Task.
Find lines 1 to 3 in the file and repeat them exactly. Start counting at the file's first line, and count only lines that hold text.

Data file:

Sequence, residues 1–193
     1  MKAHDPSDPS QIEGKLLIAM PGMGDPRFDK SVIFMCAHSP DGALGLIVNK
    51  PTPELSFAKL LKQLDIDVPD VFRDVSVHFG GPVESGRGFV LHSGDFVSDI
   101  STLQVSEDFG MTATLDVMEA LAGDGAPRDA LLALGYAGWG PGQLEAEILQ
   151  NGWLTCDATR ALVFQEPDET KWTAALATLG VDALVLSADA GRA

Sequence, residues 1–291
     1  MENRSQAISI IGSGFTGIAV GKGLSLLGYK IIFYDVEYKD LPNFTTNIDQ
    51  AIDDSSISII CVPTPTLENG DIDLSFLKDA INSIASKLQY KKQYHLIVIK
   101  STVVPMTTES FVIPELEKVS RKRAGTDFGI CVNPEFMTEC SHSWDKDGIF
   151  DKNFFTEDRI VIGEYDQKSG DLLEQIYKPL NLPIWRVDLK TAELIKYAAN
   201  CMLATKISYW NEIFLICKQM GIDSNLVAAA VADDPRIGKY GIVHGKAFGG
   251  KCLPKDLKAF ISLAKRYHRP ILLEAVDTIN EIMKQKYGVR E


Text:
Sequence, residues 1–193
     1  MKAHDPSDPS QIEGKLLIAM PGMGDPRFDK SVIFMCAHSP DGALGLIVNK
    51  PTPELSFAKL LKQLDIDVPD VFRDVSVHFG GPVESGRGFV LHSGDFVSDI